Tiers, Tears and Taunts: Cecil County Commish Blasted on “Tier” Maps; Broomell Bashes Critics
There were tears from farm families fearful of losing their land legacy, taunts from property rights advocates and angry outbursts by Cecil County Commissioner Diana Broomell against her critics and a fellow commissioner, as an overflow crowd jammed a public hearing in Elkton Tuesday night on a proposed ‘tier” land preservation map endorsed by a three-vote majority of the Commissioners.
The comments were spirited and overwhelmingly against the proposal. But at one point the verbiage spilled over into an attack by Broomell (R-4) against members of the Cecil County Patriots, the local “tea party” group that has been outspoken against the plan, and yet another attack by Broomell on her fellow county commissioner, Robert Hodge (R-5).
Broomell was a prime architect of the so-called “Draft 4” version of the “tier” maps that are being drawn under directives from new state legislation designed to control land development as part of Chesapeake Bay clean-up efforts. But the core of the local controversy that played out at the public hearing was whether the “Draft 4” map puts too much privately-owned land into a no-growth category, well beyond what the county’s relatively new Comprehensive Plan called for.
It was that “Draft 4” map that was put out for Tuesday night’s public hearing, a map that was endorsed by the “Three Amigos” controlling faction—Broomell, James Mullin (R-1) and Michael Dunn (R-3)– of the five-member county board. Hodge and Commissioner Tari Moore (R-2) opposed it. The map is not yet final, and a plan does not have to be submitted to the state until the end of the year.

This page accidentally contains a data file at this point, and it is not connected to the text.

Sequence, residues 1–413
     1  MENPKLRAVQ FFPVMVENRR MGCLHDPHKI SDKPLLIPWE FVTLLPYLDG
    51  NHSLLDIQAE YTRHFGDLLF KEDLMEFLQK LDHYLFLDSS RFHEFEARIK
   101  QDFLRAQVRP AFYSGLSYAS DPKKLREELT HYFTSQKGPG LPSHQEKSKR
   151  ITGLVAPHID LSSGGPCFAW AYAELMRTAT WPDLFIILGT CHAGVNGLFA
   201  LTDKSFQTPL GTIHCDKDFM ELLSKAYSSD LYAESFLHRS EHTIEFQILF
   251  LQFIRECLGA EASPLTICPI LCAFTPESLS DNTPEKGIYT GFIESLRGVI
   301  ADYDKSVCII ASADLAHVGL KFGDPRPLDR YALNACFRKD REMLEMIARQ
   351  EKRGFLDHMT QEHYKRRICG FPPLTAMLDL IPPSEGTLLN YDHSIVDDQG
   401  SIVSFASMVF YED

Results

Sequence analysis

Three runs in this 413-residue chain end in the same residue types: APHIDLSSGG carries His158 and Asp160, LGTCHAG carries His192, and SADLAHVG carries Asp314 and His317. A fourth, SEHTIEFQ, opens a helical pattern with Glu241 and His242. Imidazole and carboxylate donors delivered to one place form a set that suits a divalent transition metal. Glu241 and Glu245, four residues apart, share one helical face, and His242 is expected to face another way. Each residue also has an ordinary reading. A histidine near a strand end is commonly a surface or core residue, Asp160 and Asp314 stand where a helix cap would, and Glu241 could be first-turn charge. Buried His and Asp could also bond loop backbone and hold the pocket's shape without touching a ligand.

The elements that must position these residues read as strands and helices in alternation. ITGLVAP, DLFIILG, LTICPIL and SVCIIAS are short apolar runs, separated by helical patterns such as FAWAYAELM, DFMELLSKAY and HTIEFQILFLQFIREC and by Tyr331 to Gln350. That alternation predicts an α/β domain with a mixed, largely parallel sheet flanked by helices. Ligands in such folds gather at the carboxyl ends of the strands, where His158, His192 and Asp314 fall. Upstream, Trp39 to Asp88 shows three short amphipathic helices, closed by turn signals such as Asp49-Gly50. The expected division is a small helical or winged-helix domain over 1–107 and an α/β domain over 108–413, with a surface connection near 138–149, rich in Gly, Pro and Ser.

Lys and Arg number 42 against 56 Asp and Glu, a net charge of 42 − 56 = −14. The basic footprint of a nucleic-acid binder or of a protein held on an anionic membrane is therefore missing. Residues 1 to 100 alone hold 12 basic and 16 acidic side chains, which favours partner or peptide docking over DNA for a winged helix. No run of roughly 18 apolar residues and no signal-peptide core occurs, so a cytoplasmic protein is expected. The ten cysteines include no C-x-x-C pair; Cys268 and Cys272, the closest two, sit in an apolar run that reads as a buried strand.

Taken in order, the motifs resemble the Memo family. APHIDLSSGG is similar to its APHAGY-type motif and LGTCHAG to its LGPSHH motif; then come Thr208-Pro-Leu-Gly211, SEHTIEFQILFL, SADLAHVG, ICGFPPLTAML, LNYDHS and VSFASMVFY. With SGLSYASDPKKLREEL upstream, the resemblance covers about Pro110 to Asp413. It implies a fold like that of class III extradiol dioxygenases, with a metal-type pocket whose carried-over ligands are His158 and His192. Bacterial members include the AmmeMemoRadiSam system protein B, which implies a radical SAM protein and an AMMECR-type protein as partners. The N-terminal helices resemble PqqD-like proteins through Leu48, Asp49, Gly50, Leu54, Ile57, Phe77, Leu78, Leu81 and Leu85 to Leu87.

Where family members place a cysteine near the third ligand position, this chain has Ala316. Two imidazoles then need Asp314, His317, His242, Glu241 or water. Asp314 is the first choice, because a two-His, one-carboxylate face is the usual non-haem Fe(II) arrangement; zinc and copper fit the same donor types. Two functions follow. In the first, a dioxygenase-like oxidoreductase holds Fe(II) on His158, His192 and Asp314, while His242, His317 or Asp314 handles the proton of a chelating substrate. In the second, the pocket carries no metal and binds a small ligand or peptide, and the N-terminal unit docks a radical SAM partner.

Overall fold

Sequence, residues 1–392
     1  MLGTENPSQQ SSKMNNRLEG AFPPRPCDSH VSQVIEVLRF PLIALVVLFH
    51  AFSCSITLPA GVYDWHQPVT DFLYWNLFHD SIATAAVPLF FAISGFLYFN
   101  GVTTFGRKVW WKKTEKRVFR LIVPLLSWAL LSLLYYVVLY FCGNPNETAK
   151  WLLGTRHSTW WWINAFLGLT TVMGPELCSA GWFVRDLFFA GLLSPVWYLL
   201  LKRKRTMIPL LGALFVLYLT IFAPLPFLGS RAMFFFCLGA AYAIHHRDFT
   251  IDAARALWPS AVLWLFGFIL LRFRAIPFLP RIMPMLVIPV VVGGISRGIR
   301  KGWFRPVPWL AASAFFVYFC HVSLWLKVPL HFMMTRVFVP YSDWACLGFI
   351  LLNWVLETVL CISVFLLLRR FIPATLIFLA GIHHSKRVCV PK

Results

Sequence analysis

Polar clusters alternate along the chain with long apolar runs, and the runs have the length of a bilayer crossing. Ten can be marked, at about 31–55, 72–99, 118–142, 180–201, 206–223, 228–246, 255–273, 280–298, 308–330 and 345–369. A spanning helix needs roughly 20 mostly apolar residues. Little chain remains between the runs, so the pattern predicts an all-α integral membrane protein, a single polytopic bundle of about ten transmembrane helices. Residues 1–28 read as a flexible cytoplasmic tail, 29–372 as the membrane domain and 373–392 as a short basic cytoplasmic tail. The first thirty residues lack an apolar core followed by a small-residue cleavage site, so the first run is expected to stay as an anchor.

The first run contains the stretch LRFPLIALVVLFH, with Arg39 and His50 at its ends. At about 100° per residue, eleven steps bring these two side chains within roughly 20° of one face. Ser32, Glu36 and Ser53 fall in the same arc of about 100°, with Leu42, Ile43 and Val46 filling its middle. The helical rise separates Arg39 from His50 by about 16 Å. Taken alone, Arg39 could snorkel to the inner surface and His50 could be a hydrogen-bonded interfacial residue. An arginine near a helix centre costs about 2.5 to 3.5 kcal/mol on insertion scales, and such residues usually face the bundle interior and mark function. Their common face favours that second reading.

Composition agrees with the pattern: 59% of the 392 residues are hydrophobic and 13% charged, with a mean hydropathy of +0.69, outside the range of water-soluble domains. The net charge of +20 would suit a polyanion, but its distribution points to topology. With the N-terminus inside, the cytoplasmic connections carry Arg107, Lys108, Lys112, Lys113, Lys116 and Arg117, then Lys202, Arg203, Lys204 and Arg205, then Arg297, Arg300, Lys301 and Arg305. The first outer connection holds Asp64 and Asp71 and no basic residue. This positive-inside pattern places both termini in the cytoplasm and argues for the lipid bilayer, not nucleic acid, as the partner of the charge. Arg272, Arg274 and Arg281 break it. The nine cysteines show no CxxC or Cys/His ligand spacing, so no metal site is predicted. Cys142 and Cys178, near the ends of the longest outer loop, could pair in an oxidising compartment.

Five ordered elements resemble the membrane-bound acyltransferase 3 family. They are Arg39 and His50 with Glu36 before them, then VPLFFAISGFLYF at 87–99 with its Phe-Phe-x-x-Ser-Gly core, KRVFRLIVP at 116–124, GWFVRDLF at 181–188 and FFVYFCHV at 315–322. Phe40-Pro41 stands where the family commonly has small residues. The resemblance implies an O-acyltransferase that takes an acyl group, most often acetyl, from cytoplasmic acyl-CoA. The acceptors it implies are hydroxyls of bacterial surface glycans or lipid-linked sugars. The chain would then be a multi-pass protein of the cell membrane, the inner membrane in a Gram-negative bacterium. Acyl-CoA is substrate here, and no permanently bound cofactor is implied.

But lame duck Commissioners’ board President Mullin, who lost the GOP primary for re-election to his seat and will be out of office as of early December, declared that the commissioners would give final approval to a tiers map in the next two weeks. The speedy schedule indicates Mullin and Broomell want to push ahead with their plans before the outcome of the November election that could dramatically change the political landscape in the county seat in Elkton.
The fireworks ignited Tuesday night when Jackie Gregory, a member of the Patriots group, condemned the “Draft 4” tiers plan and said that Broomell had “moved in the opposite direction” of her campaign promises when she was elected a commissioner two years ago.
“That’s not correct,” interjected Broomell, breaching the usual protocol of a public hearing that commissioners do not speak and the lawmakers listen to the viewpoints of citizens.
“I’d appreciate not being interrupted,” Gregory responded, before continuing that the tiers map was “a local map coming from local commissioners” and suggesting it was disingenuous for Broomell and Mullin to claim that they were just doing what they had to do under state mandates. She said the commissioners should not be “cowards” and should listen to local residents and follow the directives of the citizen-drafted Comprehensive Plan, which was ratified by the county commissioners.
(The county Planning Commission recently rejected the Three Amigos-endorsed map, as over-reaching and not compliant with the county’s Comprehensive Plan that sets planning and land preservation priorities. A “Draft 8” map has been drawn in recent days to reflect the planning panel’s view of the comprehensive plan’s blueprint for the county’s future.)
Along the sidewall of the commissioners’ meeting room, the color-coded maps showed the significant differences between the “Draft 4” plan endorsed by the Amigos and the “Draft 8” map based upon the Comprehensive Plan: wide swathes of central- western Cecil County would be off limits to virtually all development (classified as “Tier 4”) under the Amigos’ map while many of those areas would be classified as limited potential growth areas under a “Tier 3” designation on the Comprehensive Plan-based map.